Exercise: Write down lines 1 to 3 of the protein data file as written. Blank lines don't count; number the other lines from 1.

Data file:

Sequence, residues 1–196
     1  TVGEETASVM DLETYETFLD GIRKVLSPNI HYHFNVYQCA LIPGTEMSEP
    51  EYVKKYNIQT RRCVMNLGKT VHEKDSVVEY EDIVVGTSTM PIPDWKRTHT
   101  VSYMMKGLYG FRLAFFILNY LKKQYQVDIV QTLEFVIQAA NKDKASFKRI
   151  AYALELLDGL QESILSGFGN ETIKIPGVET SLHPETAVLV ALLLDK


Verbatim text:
Sequence, residues 1–196
     1  TVGEETASVM DLETYETFLD GIRKVLSPNI HYHFNVYQCA LIPGTEMSEP
    51  EYVKKYNIQT RRCVMNLGKT VHEKDSVVEY EDIVVGTSTM PIPDWKRTHT